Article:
Monday, May 28, 2012

Rosemary Olive Bread – Elana’s Pantry

I made bread this last week with huge success!  That is, if you measure success by making something for the first time and it is edible, which this absolutely was.

I don’t dream about buttered toast anymore, but every once in a while I get hungry for it.  I had been wanting to make some of the quick breads in Elana Amsterdam’s cookbook, The Gluten Free Almond Flour Cookbook (click here for Elana's blog), but the missing ingredient was sourcing arrowroot powder.  I eventually found some at Amazon and it arrived last Tuesday.  The secret ingredients to Paleo bread are arrowroot powder and almond butter.

Arrowroot and almond flour

All from Costco - you can certainly use stevia instead of agave

Kalamatas and rosemary from my herb garden

I made the dough, and it was sweet.  I was skeptical how good sweet bread with rosemary and chopped kalamatas would taste, but the baked product was nothing like the raw dough.
Bread dough - funky, huh?

A pan that is too big will yield stumpy bread

Stumpy but tasty!

We’ve been eating it throughout the week, and it has been delicious!  I have to say that the bread tastes better toasted rather than not, and you may want to spread it with something a little salty: grass-fed butter (Kerry’s Gold – at Costco), goat cheese, olive tapenade or a homemade tomato compote.

I baked the dough in the wrong pan and it came out flat, looking like biscotti when sliced.  I will better follow the directions and cook it in a smaller pan next time so I get a better bread loaf.

In my amateur calculation, I think the net carb count is around 60 grams for the entire recipe.  If you are in Atkins Induction, this is not a good choice, but at all other phases a skinny slice (we get about 12 slices out of this recipe) with some fat (see above) is a nice snack.


Ank said...

SO cool! I might try the recipe too! I have a cool recette for tart using 200g of almond flour ( I just grate almonds in a mill) and 6 eggs. If you're interested I can translate it and sent it to you. Like an exchange of recipies. I will def try this bread if I find that powder :)

Jodie (aka mummaducka) said...

I think I have bought arrowroot powder before, in the health food section of the stupidmarket. WE have these biscuits here in Oz called Milk Arrowroot- made by arnotts and people raise their babies on them- yuk- but they are nice dipped in coffee or tea! I wonder if it is the same stuff in them?

Anonymous said...

@ Ank - Thank you, and I have an almond flour recipe for a tart (I love almond flour)! What's your favorite low-carb tart recipe - do you use fruit or a different filling?
@Jodie - I'm sure the biscuits are made out of arrowroot powder/flour. Arrowroot has lots of carbs, so it should be used in moderation (the recipe I used calls for 1/4 cup - I don't know what the metric equivalent is). I was just so excited to find a string of recipes that give me a little toast a couple of days a week!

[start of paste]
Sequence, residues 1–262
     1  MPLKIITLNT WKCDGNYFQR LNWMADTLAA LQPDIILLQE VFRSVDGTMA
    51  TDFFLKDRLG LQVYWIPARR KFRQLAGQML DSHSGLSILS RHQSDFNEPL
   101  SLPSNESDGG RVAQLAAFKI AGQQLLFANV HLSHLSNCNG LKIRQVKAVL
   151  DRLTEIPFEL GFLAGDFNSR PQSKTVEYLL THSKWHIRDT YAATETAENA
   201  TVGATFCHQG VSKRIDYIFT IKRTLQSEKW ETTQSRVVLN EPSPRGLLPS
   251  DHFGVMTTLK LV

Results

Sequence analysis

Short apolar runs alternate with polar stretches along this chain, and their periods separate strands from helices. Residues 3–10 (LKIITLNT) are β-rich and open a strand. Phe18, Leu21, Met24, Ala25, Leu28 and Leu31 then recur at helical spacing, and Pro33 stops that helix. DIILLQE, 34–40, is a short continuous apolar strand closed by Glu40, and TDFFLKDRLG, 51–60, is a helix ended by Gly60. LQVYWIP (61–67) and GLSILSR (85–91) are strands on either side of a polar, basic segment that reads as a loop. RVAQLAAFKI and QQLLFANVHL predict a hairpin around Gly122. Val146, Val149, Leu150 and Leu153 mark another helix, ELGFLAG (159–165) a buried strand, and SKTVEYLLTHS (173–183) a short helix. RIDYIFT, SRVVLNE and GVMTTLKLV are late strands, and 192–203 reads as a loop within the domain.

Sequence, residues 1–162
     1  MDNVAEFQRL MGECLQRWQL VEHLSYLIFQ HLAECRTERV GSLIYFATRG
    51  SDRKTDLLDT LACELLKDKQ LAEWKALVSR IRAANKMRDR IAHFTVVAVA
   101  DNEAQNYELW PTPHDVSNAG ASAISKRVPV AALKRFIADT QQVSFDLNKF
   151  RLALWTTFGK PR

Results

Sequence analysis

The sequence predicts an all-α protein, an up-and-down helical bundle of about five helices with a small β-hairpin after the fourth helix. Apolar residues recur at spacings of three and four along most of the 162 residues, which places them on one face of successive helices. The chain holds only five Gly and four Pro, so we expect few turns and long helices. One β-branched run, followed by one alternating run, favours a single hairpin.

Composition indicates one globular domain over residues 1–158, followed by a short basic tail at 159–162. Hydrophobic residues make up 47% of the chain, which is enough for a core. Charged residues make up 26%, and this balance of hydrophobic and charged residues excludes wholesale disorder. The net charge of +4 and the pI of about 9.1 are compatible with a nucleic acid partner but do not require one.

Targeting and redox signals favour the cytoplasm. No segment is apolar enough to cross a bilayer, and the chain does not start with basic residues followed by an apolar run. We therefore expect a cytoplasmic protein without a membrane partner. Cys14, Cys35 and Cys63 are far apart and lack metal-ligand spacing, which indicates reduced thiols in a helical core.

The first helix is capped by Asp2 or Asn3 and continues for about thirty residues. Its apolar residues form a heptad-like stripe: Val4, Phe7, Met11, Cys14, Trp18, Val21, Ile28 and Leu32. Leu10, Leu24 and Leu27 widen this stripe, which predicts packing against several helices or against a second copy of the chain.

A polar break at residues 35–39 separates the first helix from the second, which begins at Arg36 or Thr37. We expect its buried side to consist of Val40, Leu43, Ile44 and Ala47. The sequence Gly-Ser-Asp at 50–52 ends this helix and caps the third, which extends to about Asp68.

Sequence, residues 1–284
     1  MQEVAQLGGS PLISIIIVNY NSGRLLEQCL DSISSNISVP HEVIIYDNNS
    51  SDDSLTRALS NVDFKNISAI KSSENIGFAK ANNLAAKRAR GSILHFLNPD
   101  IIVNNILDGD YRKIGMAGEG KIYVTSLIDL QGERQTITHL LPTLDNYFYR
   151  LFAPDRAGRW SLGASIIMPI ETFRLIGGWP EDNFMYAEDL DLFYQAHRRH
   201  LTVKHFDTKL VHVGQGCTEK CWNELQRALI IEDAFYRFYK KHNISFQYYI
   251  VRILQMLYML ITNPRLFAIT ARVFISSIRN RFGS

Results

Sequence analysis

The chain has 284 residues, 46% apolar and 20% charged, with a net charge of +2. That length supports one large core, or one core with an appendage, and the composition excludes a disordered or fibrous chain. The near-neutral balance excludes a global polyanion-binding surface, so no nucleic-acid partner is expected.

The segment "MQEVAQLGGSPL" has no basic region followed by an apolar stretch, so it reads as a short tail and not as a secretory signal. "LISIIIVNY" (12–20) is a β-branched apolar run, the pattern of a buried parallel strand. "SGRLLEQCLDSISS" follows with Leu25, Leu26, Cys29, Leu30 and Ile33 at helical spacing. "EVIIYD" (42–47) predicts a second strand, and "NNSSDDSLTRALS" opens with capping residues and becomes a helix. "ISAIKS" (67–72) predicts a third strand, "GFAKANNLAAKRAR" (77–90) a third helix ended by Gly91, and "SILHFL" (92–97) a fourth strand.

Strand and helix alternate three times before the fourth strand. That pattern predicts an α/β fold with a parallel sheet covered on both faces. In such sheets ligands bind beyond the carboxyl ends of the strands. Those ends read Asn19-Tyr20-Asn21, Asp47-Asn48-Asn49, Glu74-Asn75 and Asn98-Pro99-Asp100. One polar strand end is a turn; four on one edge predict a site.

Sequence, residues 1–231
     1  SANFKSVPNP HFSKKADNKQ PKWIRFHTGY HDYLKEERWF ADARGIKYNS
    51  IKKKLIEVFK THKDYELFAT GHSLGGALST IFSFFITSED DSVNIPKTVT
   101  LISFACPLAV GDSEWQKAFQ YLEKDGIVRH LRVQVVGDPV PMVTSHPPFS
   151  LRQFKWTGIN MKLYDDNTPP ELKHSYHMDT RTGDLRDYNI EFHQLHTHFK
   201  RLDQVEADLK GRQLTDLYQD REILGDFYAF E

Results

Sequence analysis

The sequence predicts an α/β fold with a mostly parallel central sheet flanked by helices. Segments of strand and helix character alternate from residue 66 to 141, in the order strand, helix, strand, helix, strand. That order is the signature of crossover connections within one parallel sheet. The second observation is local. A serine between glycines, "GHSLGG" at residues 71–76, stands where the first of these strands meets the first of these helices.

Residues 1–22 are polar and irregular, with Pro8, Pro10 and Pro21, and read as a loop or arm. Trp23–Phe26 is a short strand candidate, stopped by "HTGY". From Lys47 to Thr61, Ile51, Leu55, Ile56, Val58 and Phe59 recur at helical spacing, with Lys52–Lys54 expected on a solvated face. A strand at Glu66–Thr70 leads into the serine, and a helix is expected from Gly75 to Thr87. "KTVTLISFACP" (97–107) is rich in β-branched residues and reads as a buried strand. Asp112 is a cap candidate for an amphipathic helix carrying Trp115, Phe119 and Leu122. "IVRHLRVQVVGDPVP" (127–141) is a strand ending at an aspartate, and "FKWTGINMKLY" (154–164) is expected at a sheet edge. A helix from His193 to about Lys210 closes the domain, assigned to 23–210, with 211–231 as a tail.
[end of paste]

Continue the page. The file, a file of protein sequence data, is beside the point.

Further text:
Ank said...

I use mascarpone cheese mixed with some sugar-substitute ( fruit fructose, stevia, etc) and some pureed strawberries or some orange juice. the result is a delicious cream. can be topped of with raspberries but they're not in season yet.
Ok The recipie is:
For the base. Mill 250 g of almonds ( I have a nut mill)or use 250 g of almond flour. Separate 6 eggs. Beat the whites very stiff. Mix the yolks with 2 or 3 spoons of fructose ( it's not much of a big quantity for me) , the almond flour and the juice of half or a whole orange ( depending of how juicy it is). Mix 5 g ( half a sachet) of baking powder with the juice from half the lemon and add it in the mix. Then incorporate gently the whites ( like folding for a macaroon , gently with up an down movements). Pour the batter in a tart pan and bake 25-30 mins at 180 degrees Celsius. ( I use a baking sheet, but you can grease and dust the pan). Then when it's hot you can add a small layer of sugar-free jam, or just the mascarpone and fruit filling. Or other favorite filling :)

Ank said...

I also have a bean cake recipe. Not as delicate as the almond tart one, but delicious nonetheless. Have you explored the world of bean baking?

Anonymous said...

@ Ank - the tart sounds yummy! I've done something similar with cream cheese and pumpkin puree, as well as cream cheese, lemon zest and juice, and vanilla stevia.

I haven't explored bean baking because beans make me really ill. I have a friend who's Vietnamese and she makes all sorts of bean-based goodies. Alas, I can't indulge!

Ank said...

@Rebekah Cream cheese sounds yummy. I'm not sure exactly what it is though. But I should def try something with pumpkin puree!
( Beans making you sad makes me sad )